A process called ‘sortition’ is used, where random people will get selected to be on the Citizens Assembly. Have a look at the Sortition Foundation’s website where they explain more about this process. Using a Citizens Assembly rather than getting our current politicians to try and resolve the issues of climate change will mean more transparency and real commitment to find a true solution, rather than one that will only work for the few.
Aren’t you just just going to get a lot of inexperienced people arrested, in prison, and with criminal records, so that you hit the headlines?
We do our very best to ensure that everybody taking part in non-violent civil disobedience in defense of the planet, whether experienced or not, understands the risks they are taking and the potential consequences. We run trainings in nonviolent direct action and have a legal team that provides arrestee support and access to supportive solicitors.
We understand that this is an important element of movement building and disrupting everyday life / perceived normal reality, to create a national conversation on the climate and ecological crisis. As George Monbiot put it in his inspiring speech on 31st October 2018 at our Declaration of Rebellion against the UK Government on Parliament Square: “The only time that people know it is serious, is when people are prepared to sacrifice their liberty in defence of their beliefs”.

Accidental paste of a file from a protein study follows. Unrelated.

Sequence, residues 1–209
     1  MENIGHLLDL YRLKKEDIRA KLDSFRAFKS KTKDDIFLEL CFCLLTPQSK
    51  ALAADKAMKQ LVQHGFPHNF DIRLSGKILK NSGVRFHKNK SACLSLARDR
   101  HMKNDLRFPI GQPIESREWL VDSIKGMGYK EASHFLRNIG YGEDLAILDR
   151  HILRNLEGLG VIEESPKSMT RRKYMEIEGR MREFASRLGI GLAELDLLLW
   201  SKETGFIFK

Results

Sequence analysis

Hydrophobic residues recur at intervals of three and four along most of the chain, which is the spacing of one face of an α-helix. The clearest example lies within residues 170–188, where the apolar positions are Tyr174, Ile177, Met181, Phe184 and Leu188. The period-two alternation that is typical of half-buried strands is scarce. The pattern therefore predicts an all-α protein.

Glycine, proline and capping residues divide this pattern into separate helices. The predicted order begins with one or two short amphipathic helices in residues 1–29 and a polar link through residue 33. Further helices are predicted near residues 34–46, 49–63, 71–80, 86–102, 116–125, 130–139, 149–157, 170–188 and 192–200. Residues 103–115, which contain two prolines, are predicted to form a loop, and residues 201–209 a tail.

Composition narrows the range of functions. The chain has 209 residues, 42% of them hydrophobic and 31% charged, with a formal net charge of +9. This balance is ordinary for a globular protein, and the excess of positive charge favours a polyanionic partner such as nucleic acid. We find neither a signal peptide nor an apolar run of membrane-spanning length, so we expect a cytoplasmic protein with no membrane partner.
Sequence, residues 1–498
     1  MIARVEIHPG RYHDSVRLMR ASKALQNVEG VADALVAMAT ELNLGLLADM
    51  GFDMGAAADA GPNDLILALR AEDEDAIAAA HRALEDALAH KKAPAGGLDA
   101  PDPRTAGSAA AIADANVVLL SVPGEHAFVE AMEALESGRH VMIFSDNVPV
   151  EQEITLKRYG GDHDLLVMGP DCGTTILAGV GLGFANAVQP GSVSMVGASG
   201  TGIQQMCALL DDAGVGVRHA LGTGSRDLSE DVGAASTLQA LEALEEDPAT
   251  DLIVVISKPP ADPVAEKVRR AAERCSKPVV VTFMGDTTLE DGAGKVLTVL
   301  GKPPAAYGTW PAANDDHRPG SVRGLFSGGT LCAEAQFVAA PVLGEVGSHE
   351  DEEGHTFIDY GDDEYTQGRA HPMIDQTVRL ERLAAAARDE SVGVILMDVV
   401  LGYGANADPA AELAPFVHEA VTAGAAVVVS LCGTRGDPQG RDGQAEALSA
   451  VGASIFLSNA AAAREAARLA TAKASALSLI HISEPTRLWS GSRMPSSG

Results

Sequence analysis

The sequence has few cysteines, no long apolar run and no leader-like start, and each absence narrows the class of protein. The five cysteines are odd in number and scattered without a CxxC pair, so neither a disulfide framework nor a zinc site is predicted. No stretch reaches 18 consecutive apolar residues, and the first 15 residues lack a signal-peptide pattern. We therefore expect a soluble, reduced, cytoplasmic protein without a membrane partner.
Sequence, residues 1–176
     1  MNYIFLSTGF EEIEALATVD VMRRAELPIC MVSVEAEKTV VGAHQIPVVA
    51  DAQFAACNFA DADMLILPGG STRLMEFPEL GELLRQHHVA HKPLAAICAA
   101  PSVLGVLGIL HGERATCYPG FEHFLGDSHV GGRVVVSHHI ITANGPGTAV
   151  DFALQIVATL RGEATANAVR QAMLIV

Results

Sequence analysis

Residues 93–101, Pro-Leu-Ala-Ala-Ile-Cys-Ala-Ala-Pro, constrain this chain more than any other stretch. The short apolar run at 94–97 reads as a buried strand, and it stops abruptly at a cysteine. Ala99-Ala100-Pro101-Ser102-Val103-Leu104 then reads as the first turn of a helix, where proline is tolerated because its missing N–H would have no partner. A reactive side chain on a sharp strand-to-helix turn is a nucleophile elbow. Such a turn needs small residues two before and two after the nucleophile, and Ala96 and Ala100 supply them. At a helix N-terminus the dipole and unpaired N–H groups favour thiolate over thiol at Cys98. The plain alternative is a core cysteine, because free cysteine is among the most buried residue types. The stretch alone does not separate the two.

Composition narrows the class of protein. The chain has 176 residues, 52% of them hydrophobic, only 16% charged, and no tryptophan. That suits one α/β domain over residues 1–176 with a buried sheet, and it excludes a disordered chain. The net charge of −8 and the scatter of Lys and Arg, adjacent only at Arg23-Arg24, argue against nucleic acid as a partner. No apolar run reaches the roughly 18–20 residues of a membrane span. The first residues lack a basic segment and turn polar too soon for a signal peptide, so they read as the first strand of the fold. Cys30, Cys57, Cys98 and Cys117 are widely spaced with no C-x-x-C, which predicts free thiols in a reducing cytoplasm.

Don’t you realise that if people get arrested who are black they will get far worse treatment? And aren’t you too nice about the police?
Yes, we are aware of the structural racism in our policing and legal system. We give people information about arrest and those of us who are white have acknowledged our privilege, in the likelihood that we will be treated differently / better than our colleagues of colour. People can take a variety of roles. We think it’s important for white people to use their privilege. People of colour (PoC) have been more at risk for generations in defence of the environment and their lands, both here in the UK and around the world.
It is time to for white people to take this risk too so that PoCs, who are threatened by structural racism, don’t have to. The ecological crisis affects PoC more than it does white people currently. Environmental activists of colour in other countries have been killed for defending their land. We also try to acknowledge the police as human beings and to be respectful during our protests, but this does not make us naive about what the police have done to activists and communities in the UK. Activists have been subjected to lies, assault, the spy cop trauma and worse.
Why do you talk to the police when they aren’t to be trusted?
We take a no blaming and shaming approach to the police and from our non violent discipline we agree to treat the police with respect.
We are making the strategic decision in some countries (including the UK) to liaise with the police, believing this will be more likely to support our goals. This is for specific countries to figure out, taking into consideration their own circumstances and the potential strategic opportunities that have been described.
Our vision for Extinction Rebellion puts love at the heart of change. In this way some people in Extinction Rebellion may choose to express gratitude and love towards police officers. We understand for those that have been victimised by the police that this can be difficult and alienating to witness. We especially ask white people to learn about white privilege.
Aren’t you just further enabling Agenda 21?
Agenda 21, like many other programmes, had no legal basis for change and therefore was ineffective. We seek a legally binding change, with a Citizens Assembly in charge.